What is a Demand Side Platform and How Does It Work?
Buying and selling digital ads was once not as easy as it is today. In the past, advertising transactions could take a few days or even weeks. Now, with the help of demand-side platforms (DSP) and supply-side platforms (SSP), it has transformed into an efficient and almost instantaneous process.
Demand side platforms are one of the main tools used by advertisers to run their online media campaigns. DSPs allow advertisers to buy impressions across a range of publisher sites (including ad exchanges and networks), yet targeted to specific users based on information such as their location and previous browsing behavior. Publishers make their ad impressions available through marketplaces called ad exchanges, and DSPs automatically decide which of those impressions it makes the most sense for an advertiser to buy. Often the price of those impressions is determined instantly via real-time bidding.
Vendors that currently sell DSP technology include Facebook Ad Manager, Google’s Invite Media, MediaMath, Turn, DataXu, X+1, and many others. Some DSPs are focused on specific channels, such as mobile or video. Some agencies operate their own buying platforms, often known as trading desks, using technology licensed from several of the companies above.
How Demand-Side Platforms Work
When working with a DSP, the advertiser provides the ad content and design, (for example, banner graphics), together with information about the ideal target market, and maximum budget plan. The platform then identifies advertising opportunities across various systems, finding the ad space that offers the lowest cost for the most ‘eyeballs’ in the target demographic. The DSP automatically buys those ad spaces on the advertiser’s behalf, until the budget is maxed out.
Anatomy of a DSP – What a Demand Side Platform Looks Like
For a DSP to work, it must integrate with multiple supply sources, such as SSPs and ad exchanges. Each DSP company will approach the integration process differently, but there are essentially three main phases. The initial phase of DSP integration involves research and setup. The second phase is the development and implementation stage. The last phase is all about testing out the new integration. Today, most brands expect that DSPs will naturally be integrated with all the main ad exchanges, supporting cross-channel reach with around 1 million QPS (queries per second).
Every DSP has a component called “bidder”, which is responsible for placing bids on inventory during the real-time bidding (RTB). Bidding is in fact the core of the DSP. Space is sold rapidly and effectively whenever it is available.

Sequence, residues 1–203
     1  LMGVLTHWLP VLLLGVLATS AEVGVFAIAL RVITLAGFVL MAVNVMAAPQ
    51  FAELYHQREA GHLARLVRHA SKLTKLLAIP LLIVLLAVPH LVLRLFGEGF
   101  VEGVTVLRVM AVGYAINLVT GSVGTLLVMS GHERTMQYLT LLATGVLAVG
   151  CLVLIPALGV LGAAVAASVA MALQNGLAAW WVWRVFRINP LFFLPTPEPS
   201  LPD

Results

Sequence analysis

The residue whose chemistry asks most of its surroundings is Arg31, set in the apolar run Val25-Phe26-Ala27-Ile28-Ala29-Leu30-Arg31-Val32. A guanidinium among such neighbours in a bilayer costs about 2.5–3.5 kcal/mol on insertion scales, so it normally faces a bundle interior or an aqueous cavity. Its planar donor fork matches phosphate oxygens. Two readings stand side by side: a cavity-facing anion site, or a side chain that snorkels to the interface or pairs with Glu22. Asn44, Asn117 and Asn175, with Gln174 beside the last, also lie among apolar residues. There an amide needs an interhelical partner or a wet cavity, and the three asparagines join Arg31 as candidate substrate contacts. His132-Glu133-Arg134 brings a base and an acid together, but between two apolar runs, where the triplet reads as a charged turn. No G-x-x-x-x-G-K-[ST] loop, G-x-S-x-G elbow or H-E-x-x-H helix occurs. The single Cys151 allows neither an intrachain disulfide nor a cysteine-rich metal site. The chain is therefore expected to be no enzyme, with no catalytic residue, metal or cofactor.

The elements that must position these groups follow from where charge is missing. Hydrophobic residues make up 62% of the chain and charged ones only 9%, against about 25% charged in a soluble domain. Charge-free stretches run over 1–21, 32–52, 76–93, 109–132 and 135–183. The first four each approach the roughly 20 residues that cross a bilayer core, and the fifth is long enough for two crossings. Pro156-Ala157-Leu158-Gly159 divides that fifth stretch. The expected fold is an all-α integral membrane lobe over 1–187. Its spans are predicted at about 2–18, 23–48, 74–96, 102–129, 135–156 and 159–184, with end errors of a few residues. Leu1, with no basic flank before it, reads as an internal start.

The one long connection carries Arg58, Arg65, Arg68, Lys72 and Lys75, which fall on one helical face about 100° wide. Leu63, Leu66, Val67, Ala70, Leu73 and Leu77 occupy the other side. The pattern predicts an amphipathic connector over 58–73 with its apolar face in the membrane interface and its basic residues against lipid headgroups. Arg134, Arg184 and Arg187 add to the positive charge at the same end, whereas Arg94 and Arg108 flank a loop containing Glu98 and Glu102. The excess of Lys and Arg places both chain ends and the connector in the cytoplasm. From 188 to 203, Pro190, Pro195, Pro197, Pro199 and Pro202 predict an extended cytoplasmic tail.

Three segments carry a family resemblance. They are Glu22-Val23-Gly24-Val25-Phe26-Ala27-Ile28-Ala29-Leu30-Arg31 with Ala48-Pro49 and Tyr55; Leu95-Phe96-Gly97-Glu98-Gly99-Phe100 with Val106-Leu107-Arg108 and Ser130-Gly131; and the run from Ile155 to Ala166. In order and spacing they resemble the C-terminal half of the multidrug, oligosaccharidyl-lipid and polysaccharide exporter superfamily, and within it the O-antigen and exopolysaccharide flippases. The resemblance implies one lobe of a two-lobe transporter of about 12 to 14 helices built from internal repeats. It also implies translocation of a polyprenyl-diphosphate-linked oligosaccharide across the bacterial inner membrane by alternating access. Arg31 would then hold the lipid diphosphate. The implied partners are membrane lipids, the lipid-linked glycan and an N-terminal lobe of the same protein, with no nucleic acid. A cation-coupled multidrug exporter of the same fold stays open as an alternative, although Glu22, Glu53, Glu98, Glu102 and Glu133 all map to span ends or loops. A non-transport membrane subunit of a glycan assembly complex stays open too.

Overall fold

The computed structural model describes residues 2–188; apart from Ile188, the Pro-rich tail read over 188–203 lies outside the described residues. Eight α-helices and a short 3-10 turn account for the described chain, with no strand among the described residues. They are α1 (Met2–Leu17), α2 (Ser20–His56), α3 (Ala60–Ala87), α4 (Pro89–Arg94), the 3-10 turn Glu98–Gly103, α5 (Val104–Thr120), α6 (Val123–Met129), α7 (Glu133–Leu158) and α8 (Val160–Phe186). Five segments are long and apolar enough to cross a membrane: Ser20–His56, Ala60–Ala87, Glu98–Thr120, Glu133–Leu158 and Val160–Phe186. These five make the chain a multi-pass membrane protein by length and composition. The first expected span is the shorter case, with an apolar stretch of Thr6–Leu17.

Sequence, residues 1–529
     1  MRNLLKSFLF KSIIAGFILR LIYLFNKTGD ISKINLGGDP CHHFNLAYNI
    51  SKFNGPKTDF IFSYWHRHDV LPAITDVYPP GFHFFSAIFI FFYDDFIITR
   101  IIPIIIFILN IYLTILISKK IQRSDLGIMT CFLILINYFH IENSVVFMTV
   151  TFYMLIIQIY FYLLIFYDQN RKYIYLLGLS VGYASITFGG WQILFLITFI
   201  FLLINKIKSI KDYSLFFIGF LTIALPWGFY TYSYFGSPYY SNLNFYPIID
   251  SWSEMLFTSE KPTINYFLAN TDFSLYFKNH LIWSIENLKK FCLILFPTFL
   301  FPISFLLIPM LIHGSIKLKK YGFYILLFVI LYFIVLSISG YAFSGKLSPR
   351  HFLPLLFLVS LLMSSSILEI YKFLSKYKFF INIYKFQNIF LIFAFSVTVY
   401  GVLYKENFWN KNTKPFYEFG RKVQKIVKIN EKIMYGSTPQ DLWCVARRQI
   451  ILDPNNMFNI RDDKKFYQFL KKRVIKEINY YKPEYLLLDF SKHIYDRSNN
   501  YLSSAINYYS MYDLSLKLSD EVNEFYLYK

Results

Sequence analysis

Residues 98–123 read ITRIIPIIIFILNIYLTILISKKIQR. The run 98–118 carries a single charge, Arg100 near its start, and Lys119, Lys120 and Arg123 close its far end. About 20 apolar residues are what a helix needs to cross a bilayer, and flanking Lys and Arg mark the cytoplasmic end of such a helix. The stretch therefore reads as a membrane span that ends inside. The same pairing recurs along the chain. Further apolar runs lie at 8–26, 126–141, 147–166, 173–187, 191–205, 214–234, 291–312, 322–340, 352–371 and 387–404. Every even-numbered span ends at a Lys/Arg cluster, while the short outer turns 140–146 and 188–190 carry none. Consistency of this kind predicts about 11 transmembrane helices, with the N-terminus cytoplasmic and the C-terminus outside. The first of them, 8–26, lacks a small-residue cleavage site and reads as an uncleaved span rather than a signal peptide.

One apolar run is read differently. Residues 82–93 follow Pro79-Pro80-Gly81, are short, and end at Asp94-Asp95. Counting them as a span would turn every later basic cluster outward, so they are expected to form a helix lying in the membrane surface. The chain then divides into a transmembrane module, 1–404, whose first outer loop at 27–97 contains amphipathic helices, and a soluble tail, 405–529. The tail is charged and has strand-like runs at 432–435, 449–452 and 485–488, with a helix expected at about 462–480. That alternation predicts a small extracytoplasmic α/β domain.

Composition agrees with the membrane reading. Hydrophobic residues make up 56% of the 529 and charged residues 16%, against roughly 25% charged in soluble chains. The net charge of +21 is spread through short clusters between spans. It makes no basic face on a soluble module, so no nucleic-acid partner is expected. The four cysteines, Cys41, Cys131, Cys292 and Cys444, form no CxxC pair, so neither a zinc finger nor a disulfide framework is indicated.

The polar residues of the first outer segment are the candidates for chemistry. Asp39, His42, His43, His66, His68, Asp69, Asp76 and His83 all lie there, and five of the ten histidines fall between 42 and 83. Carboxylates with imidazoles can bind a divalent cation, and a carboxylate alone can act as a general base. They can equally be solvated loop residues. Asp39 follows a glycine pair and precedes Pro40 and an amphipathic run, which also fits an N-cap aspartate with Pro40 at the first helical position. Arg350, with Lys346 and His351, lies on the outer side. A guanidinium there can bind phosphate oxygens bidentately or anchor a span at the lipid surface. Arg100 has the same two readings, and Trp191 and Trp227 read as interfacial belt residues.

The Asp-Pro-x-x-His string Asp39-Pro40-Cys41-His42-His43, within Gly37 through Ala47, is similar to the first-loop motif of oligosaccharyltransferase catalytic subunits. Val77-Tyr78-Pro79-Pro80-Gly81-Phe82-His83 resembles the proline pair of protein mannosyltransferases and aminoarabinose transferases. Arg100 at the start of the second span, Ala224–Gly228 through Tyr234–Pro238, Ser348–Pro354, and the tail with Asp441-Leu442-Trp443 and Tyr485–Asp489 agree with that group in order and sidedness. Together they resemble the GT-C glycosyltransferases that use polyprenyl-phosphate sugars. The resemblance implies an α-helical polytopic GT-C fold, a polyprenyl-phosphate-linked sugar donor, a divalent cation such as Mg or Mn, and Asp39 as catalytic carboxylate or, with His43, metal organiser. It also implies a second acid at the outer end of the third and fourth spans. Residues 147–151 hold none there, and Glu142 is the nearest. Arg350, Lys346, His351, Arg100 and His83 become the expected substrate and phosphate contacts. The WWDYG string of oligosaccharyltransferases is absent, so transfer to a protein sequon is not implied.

Some DSPs have their own ad server, while others connect to an external server. An ad server is not just required for storage of ad creatives, but also for displaying the ad to a user. Ad servers offer exhaustive tracking, retargeting, optimization, and reporting of all media purchase types. Ad servers have been adequately dealing with the demand side for over 10 years and will remain the basic and essential tool for campaign management.
Campaign Tracker and Reporting Databases
This component records all the data regarding the performance of the campaign, such as impressions, clicks, and spends, and then passes all data to the reporting dashboards. Today, many DSPs enable media buyers to monitor conversions, advertising viewability, retention rate, and other vital metrics to analyze and optimize campaign effectiveness.
User Interest/Profile Data
The user profile database processes and stores data about users, such as their interests, based on what they are viewing and clicking on, and the type of content they are consuming online. This profile data is used for campaign optimization.
This is the screen/dashboard where an advertiser spends their time creating, managing and optimizing their campaigns.
Why Do Media Buyers Use DSPs?
Global Reach: Most DSPs are already integrated with global ad exchanges and provide access to inventory worldwide across all platforms.
Premium Targeting: User interest data is captured in a DMP and most of the time, DSPs are integrated with various DMPs to improve ad targeting, ad verification, and optimization processes. Specifically, this function utilizes user data to ensure the most appropriate ads reach the relevant viewers.
The Right Inventory and Brand Safety: The most important thing that determines the success of RTB campaigns is the choice of inventory. Since DSP platforms allow media buyers to pre-define the type of inventory they want to buy, the purchasing process is easy and safe. The majority of DSPs offer inventory by site traffic, site hits, commission rates, and then the sky ‘s the limit.
Reporting and Campaign Analytics: DSP platforms allow advertisers to track the performance of their ad campaigns in real-time. Although the ad campaigns are running across different ad exchanges at the same time, a DSP gathers information from all sources and delivers a consolidated custom report. Demand-side platforms also put together performance reporting across all media sources.
Advanced reporting gives agencies more authority over campaign results, which converts into client satisfaction and retention.
Outbrain, the leading native ad and content discovery platform, acquired Zemanta as its native DSP partner to take online advertising into a new era. That means no interruptive ads, and a dedicated business model that works for publishers. What I love about Zemanta is its incredible commitment to building an entire system around reader engagement. And with Outbrain serving more than 250 billion personalized content recommendations and reaching a billion users every month across the globe, it’s a powerhouse for advertisers and publishers alike.